ALBANY, N.Y. (June 11, 2019) – An assistant professor of chemistry is one of just 16 faculty SUNY-wide to earn the National Science Foundation’s (NSF) esteemed CAREER award.
Jia Sheng, who is affiliated with the RNA Institute in addition to the Department of Chemistry, received $600,000 to study the structures and functions of natural ribonucleic acid (RNA) modifications and develop molecular tools for gene regulation. He will begin the project in July and continue through 2024.
Sheng explains that nucleotides are what make up RNAs and contain the crucial "blueprint" of genetic information used by cells to make proteins. In order to achieve the structural and functional diversity, nature uses over 150 chemical modifications to “decorate” RNAs. Many of these modifications play critical roles in a variety of biological processes and human diseases, including cancers and virus infections. In addition, they are considered as chemical fossils left from the original stages of life and can offer evolutionary clues.
Therefore, studying the natural modifications of RNA is important for the further elucidation of their biological functions, the development of new therapeutics, and the exploration in the origins of life. With this award, Sheng will develop new molecular tools to incorporate and manipulate these modified nucleotides in RNA with high precision, helping the scientific community better understand the role of RNA.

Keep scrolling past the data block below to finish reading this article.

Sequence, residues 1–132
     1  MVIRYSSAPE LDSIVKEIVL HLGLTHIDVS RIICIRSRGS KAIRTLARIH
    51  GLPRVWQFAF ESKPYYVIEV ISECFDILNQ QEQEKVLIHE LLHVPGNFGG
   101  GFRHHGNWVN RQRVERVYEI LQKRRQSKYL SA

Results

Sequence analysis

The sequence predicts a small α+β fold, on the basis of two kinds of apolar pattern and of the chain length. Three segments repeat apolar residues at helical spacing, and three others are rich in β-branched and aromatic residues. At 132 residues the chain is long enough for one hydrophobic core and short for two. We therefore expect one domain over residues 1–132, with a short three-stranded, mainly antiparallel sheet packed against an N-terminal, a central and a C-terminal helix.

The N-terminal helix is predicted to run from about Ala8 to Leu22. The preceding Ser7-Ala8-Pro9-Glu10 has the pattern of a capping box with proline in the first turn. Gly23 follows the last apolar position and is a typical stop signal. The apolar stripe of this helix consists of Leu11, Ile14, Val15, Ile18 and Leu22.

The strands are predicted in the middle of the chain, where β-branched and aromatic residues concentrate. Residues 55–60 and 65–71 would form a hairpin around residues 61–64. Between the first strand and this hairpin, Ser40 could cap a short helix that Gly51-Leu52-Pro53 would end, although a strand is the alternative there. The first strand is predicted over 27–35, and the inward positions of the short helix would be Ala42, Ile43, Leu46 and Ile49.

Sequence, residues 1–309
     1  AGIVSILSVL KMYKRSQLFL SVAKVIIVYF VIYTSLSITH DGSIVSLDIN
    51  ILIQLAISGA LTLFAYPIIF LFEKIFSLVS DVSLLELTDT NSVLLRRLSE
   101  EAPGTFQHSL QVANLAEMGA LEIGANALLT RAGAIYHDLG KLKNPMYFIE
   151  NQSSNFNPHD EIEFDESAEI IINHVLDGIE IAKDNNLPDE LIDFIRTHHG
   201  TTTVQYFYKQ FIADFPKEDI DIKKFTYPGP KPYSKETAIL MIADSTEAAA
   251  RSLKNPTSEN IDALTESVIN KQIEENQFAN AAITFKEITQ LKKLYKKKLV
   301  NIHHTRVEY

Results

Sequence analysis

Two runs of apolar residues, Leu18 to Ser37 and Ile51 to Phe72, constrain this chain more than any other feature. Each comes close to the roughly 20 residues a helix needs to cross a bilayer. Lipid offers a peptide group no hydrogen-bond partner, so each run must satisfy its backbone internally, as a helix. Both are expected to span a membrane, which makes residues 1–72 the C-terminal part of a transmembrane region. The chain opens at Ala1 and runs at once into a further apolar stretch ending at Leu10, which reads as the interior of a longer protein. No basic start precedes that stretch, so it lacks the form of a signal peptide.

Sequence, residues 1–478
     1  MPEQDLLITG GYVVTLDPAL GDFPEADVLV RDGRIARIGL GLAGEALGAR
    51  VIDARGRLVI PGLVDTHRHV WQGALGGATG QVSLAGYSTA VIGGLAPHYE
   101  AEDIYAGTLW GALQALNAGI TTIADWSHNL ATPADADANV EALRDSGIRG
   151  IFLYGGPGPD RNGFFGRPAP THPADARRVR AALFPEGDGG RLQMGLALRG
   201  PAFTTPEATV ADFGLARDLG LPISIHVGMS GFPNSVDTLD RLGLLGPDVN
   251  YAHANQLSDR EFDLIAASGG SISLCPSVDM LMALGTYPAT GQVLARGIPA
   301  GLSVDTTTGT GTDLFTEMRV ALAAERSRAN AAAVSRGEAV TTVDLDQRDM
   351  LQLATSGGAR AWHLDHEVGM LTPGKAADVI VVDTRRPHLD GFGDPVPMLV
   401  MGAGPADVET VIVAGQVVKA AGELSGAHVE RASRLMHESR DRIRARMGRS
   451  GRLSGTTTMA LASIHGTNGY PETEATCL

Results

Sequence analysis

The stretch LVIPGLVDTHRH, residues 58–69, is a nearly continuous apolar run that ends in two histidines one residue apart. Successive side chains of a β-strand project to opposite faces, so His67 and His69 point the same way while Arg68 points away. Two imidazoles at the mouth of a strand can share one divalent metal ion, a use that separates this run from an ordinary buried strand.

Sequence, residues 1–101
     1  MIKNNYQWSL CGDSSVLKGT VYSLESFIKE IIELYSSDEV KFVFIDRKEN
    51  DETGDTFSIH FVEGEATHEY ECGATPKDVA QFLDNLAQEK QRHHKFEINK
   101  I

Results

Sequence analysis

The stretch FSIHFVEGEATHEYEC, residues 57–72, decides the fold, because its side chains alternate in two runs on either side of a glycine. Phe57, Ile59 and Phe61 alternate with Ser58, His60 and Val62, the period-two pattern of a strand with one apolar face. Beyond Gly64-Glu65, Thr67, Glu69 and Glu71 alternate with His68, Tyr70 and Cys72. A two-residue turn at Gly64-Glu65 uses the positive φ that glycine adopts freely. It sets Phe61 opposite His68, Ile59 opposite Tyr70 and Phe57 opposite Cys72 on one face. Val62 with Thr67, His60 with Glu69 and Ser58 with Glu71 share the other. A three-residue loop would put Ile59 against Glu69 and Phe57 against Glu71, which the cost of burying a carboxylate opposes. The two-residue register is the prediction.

“I am very proud and grateful to receive this award from NSF, which sets up a high standard and a new start to my research group in pursuing our long-term goal of understanding nature’s strategies to diversify the structures and functions of RNA,” said Sheng.
Sheng joins Mariya Zheleva, an assistant professor of computer science, as the two UAlbany faculty to receive a CAREER award this year. Zheleva’s project is working to establish a scientific and technological framework for automated spectrum measurement in support of shared-spectrum access.
The NSF CAREER award is designed to support outstanding junior faculty in developing their careers as researchers and educators who advance teaching, learning and the dissemination of knowledge. The 17 SUNY recipients come from four campuses – Albany, Binghamton, Stony Brook and Buffalo.
“Drs. Jia Sheng and Mariya Zheleva are two of our brilliant and very diligent junior faculty members destined to be leaders in their field of scholarship,” said Satyendra Kumar, Associate Vice President for Research. “It has been a pleasure to work with such delightful colleagues. The NSF-CAREER award is their first major success and should now allow them to get to the business of conducting research and mentoring doctoral students for the next five years.”